It's hard to believe it's already graduation season. It's even harder to believe that I have yet to be offered an honorary degree or a chance to address graduates at a commencement. Since it appears I'm sitting this one out, I'd like to talk to my fellow benchwarmers. Not the class of 2013 -- you're getting enough advice that I'm sure can all be neatly summarized into an "I hope you dance and wear sunscreen" montage.
No, I'm looking at you, friends and family in the bleachers. You thought you could just show up in a cute sundress, Instagram some photos and hand them a card? Oh no. If you cared enough to sit through 784 names read (in alphabetical order) in a show of your love an support, you should be congratulated, thanked and reminded that your job is not over with the successful delivery of a Barnes and Noble Gift Card.
If you have a graduate in your life, you are an important person, with the power to change this graduate's life with your mere words or a "high five." And while I'm sure that you, dear readers, always think before you speak, I am offering a few suggestions to take into consideration so that you can help lessen the angst of the moment and bring some peace.
What do you say to a new graduate? Remember that beneath that stylish cap and gown, they are a bundle of nerves, facing an unknown future, convinced their peers have it all figured out and they are hopelessly behind when it comes to their advanced placement, their GREs, their job search or their "my first apartment" Pinterest board. They are looking at the job market and realizing that majoring in the philosophy or Russian might not have been a strong career move. Don't point this out. Offer a "congratulations" with a smile and a hug to let them know that you're proud of them.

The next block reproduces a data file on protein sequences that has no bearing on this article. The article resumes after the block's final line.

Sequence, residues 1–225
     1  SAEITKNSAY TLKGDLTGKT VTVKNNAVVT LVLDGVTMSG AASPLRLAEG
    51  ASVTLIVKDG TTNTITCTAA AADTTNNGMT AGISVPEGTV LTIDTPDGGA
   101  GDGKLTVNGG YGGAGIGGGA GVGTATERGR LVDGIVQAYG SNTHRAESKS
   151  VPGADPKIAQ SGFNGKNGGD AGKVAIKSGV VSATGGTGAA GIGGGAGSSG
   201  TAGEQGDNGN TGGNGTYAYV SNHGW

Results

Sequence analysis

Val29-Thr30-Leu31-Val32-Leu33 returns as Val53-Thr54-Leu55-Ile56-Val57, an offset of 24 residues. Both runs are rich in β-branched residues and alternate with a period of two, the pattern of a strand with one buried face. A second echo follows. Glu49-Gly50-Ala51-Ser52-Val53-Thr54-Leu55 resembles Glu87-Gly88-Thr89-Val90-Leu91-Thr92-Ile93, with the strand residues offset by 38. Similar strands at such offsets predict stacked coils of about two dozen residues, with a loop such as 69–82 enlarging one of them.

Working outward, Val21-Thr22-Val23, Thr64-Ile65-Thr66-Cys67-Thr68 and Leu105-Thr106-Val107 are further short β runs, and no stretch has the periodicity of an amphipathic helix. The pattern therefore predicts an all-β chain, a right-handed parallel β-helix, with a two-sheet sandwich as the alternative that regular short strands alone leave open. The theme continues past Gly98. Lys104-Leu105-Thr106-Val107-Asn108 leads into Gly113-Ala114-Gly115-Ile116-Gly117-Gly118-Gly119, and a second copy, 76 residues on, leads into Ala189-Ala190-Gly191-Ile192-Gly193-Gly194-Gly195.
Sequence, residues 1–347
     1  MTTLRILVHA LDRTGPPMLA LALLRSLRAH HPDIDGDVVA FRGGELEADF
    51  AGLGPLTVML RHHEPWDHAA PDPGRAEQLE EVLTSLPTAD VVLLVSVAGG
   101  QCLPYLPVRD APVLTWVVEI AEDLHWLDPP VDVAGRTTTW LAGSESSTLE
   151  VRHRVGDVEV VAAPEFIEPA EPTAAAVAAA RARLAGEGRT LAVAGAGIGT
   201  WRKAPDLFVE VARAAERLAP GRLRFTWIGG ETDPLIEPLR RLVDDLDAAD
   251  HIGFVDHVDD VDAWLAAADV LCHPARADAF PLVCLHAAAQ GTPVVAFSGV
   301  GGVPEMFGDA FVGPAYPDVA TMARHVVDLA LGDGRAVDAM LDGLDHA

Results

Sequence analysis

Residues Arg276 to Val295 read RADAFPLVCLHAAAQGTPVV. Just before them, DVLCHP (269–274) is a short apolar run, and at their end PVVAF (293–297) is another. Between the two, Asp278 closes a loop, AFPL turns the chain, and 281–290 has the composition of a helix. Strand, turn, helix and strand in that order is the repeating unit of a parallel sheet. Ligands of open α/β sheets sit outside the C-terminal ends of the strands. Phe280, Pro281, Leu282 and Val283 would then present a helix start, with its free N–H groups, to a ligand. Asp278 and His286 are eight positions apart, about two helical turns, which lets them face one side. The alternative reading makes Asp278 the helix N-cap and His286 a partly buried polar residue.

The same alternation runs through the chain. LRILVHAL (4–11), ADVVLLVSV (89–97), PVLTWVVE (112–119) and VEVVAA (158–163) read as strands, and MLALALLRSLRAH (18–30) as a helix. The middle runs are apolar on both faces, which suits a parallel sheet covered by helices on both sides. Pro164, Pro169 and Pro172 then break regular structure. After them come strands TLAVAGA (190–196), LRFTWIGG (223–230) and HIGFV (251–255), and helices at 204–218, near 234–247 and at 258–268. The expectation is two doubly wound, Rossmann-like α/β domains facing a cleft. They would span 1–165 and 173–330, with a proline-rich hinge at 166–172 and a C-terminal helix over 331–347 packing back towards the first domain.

Pray for them, and tell them you're going to do so. Remind them that decisions -- a college major, a career, a move or even a boyfriend or girlfriend -- are not permanent and can be changed. As applications are filled out and deposits are made, it can seem like everything is being set in stone, but we are fortunate to live in a place where we have the luxury of changing our minds (usually) should we decide our lifelong dream has shifted from dental school to selling insurance or joining the Peace Corps. But we do have to take the first, scary step.
This weekend, many churches celebrate Pentecost. This is the 50 days after Easter, when Christ had just ascended to heaven and the apostles had gathered in the upper room, unsure of what to do next. While they were praying, the Holy Spirit rested on them, and they "began to speak in different tongues, as the Spirit enabled them to proclaim" (Acts 2:4). Empowered, they proclaimed the message of Christ to the ends of the Earth.
We're not alone -- Christ promised us that the Holy Spirit would remind us of all he had taught and give us peace, "not as the world gives" but as Christ does (John 15:27). The apostles were unsure of the next step, but the Holy Spirit empowered them and gave them peace even as they were misunderstood, imprisoned and martyred. As another semester comes to a close and those we love are preparing to venture into the unknown, we can witness to that the same peace promised by Christ more than 2,000 years ago and remind them that with prayer and community we're never alone.
Follow columnist Alison Griswold at twitter.com/alisongriz. Read her blog at www.teamcatholic.blogspot.com.